The BCV5 Data Reduction and Masking Facility (BCV5 RM) is an add-on component to BCV5 that expands the BCV5 capabilities beyond making one-to-one clones of DB2 databases and tablespaces. BVC5 RM allows you to specify regular SQL queries for one or more tables that take part in a BCV5 copy process. Instead of copying the complete source data into the target environment, the target tables will be populated with the result sets from these queries.
When you want to provide production data for your test or development environment, it is not always necessary (or legal) to copy all of the contents of the tables involved. Take the case of where developers want to verify the correctness of a program change – they want to make a component test with only a subset of data. They don’t want to test the fix with all the production data, which would significantly increase the runtime and project time of their automated unit-tests. In this case it is far more efficient to extract only a subset of the production data.
With RM you can specify expressions of arbitrary complexity to select your desired subset of data. Specify a regular SQL SELECT statement for those tables that you want to thin out. You have access to the complete feature set of DB2’s SQL. It is possible to specify a simple WHERE clause, or to do a complex SUBSELECT that gets records from a related table to build the desired result set. The SELECT statements decide the data for the target table.
Many shops fight with the problem that the data privacy laws do not allow them to just copy production data to a test or development environment. The data is too sensitive and it’s highly illegal to share this data with unauthorized users. There are rules that define how the production data must be masked when used in another context outside of the production environment. For this purpose, the SELECT statements that you can specify in BCV5 RM also allow for masking of data. You can modify the contents of tables in a flexible and efficient way. Characters can be exchanged with a substitution character, contents can be replaced by random content, or a user defined exit can be called to modify the data using a more sophisticated algorithm.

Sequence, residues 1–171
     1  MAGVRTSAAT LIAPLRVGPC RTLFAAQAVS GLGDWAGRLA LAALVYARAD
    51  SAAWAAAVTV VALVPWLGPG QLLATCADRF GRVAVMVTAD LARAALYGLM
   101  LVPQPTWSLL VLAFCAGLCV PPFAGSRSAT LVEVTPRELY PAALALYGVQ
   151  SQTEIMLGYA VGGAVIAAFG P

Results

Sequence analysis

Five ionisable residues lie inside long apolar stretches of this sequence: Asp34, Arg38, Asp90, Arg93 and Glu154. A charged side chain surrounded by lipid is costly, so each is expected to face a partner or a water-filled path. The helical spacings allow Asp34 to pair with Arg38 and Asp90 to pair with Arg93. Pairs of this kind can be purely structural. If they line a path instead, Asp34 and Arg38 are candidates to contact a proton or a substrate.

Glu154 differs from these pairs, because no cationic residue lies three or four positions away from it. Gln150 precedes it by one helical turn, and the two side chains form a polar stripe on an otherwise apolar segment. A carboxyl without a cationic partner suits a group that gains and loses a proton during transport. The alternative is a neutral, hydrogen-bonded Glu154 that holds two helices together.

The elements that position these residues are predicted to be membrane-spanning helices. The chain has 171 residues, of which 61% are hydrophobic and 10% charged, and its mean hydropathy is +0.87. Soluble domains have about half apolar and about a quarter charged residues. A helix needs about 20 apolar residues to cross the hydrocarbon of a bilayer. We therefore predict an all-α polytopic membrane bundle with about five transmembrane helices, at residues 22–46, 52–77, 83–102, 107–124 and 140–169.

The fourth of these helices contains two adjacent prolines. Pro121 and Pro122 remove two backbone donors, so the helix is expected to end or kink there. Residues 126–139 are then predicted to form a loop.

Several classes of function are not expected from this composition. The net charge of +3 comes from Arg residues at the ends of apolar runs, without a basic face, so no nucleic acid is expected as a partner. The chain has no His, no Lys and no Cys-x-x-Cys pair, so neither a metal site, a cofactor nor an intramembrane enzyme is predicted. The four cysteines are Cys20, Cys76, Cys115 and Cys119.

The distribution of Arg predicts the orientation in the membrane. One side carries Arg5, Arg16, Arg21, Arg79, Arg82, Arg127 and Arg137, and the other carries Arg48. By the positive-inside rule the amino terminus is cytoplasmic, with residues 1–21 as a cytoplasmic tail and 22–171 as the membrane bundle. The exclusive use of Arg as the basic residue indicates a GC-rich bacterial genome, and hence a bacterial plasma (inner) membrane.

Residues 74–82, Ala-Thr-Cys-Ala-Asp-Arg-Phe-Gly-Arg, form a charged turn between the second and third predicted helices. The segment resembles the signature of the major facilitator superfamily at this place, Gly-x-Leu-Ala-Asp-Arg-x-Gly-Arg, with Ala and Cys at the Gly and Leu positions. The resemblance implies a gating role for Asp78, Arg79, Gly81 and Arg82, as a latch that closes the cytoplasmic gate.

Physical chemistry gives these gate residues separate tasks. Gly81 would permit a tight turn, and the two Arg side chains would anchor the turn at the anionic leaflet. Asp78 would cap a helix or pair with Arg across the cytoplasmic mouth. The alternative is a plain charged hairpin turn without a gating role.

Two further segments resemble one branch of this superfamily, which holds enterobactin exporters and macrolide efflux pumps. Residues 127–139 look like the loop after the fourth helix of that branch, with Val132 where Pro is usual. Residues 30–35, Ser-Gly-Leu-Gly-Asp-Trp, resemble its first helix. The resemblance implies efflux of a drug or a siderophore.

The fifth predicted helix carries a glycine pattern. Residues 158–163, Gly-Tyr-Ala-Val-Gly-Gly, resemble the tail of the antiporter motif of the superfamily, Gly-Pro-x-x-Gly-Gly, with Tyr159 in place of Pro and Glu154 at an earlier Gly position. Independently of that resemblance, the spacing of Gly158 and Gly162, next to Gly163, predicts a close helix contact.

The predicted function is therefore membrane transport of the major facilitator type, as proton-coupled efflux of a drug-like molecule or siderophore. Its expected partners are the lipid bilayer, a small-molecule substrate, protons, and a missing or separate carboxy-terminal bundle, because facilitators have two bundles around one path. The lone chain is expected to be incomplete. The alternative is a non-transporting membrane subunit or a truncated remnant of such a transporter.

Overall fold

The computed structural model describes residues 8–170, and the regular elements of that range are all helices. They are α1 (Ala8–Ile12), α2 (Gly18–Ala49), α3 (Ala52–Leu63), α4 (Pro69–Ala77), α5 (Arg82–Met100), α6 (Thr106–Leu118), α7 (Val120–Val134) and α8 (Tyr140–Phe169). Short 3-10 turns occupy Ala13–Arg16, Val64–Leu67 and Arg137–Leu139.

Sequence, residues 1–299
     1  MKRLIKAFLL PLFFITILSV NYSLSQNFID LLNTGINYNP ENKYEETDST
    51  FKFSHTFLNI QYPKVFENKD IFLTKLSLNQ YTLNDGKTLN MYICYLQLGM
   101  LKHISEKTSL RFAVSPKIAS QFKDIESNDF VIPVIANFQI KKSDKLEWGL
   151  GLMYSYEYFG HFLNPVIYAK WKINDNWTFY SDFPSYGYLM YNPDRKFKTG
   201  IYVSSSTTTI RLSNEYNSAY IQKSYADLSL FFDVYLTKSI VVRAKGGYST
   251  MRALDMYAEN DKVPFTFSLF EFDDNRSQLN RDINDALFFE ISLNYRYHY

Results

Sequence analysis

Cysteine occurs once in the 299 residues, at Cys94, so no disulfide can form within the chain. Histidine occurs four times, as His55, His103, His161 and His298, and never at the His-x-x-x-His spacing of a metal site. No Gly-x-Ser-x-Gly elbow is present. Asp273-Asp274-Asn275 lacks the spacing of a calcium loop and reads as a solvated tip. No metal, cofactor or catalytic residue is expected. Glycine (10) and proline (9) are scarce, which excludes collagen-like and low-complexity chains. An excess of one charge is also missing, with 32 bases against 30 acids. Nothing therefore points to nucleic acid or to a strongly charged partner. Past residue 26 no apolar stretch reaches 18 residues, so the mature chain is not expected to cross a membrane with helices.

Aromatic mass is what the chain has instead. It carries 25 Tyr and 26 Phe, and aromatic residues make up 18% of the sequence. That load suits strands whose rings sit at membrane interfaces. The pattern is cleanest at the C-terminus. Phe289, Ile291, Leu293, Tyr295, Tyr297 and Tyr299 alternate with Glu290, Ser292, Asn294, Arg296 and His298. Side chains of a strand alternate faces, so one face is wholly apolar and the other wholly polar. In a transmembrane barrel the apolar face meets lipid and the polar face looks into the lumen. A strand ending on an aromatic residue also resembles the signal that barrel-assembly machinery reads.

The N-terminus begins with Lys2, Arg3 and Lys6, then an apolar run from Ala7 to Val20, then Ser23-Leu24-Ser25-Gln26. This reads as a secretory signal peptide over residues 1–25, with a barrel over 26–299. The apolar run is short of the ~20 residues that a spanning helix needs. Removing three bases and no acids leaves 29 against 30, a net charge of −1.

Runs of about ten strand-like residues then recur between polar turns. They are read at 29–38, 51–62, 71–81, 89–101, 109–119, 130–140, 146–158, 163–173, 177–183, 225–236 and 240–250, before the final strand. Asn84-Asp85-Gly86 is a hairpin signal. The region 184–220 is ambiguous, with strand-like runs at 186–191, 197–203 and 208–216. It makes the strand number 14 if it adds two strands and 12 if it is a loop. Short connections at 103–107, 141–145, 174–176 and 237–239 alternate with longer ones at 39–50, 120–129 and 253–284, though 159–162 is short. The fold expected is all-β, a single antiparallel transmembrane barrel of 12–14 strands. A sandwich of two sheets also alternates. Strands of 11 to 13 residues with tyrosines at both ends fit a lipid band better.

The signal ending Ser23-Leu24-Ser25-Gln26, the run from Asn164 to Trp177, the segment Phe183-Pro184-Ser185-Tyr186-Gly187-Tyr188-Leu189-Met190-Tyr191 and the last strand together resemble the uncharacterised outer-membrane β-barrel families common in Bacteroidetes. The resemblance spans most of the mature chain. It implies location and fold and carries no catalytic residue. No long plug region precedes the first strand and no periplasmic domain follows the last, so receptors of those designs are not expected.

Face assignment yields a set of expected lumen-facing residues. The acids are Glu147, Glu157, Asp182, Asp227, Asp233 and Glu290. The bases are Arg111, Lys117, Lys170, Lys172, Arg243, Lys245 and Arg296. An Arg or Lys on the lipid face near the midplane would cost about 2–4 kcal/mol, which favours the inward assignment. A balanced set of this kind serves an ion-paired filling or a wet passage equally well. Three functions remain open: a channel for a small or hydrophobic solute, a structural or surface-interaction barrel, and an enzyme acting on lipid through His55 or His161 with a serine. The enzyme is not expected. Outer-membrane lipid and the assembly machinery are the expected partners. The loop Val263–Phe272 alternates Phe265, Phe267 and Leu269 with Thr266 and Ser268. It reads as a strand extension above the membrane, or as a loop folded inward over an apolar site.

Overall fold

Ease of use
The BCV5 ISPF user interface guides you through the process of specifying your reduction and masking rules. When you specify the table name, BCV5 automatically obtains the structure of the table and generates a default SELECT statement. This statement can be modified by you in a way that provides the desired data. The validation check automatically checks if the SQL statement is a valid and well-formed statement.
Additionally BCV5 offers a powerful batch facility to specify masking and reduction rules for a set of tables. Consider a business case that requires the specification of a masking rule for all tables that contain the CLIENT column. In such a case it is not necessary to specify a separate rule for each matching table.
BCV5 handles this by specifying the selection criteria, which for example includes all tables that have a column called CLIENT. In addition you specify a rule that is executed for each matching table. This could be a rule that modifies and/or reduces the content of the column.
After specifying the statements, BCV5 generates the complete job chain to extract the data. This includes all steps that are necessary to transfer data from one DB2 subsystem to another. The complete process is automated – It generates the DDL for all objects involved and then executes it in the target environment. If the objects already exist in the target, BCV5 will perform a compatibility check. The process also includes the transfer of the data from the source to the target environment in the fastest possible way. Tables that are not processed by a masking or reduction rule are copied with a saving of 90% CPU and elapsed time – with masking and reduction other factors come into play.
Handling Referential Integrity
The specification of a reduction or masking rule for one table may also affect other tables. In many data models tables are related to other tables using referential integrity constraints. Rows from one table must have a corresponding row in a parent table. If the parent table lacks rows that ought to exist, the referential integrity is violated.
In the following figure you see how rows of the DEPT and EMP table relate to each other. The primary and foreign keys of the table indicate these relationships. If you specify a reduction or masking rule for the DEPT table then you may also want to specify a corresponding rule for the EMP table too. In today’s data models this may affect multiple tables that are part of this network of relationships.
BCV5 automatically handles this RI job for you. It examines the DB2 catalog for relationships to other tables that are related to the tables for which rules exist, and generates default rules for these tables as well. It generates a rule that extracts only the subset of the dependent child or parent table that does not violate the referential integrity constraints. For instance if you specify a reduction rule for the DEPT table that extracts only the records for department C01, BCV5 will automatically generate a rule that extracts all employees of the EMP table that are related to department C01. In our example this would be the employee KWAN.
This intelligent mechanism within BCV5 makes it very easy to process tables that are part of a referential integrity relationship. [/slider]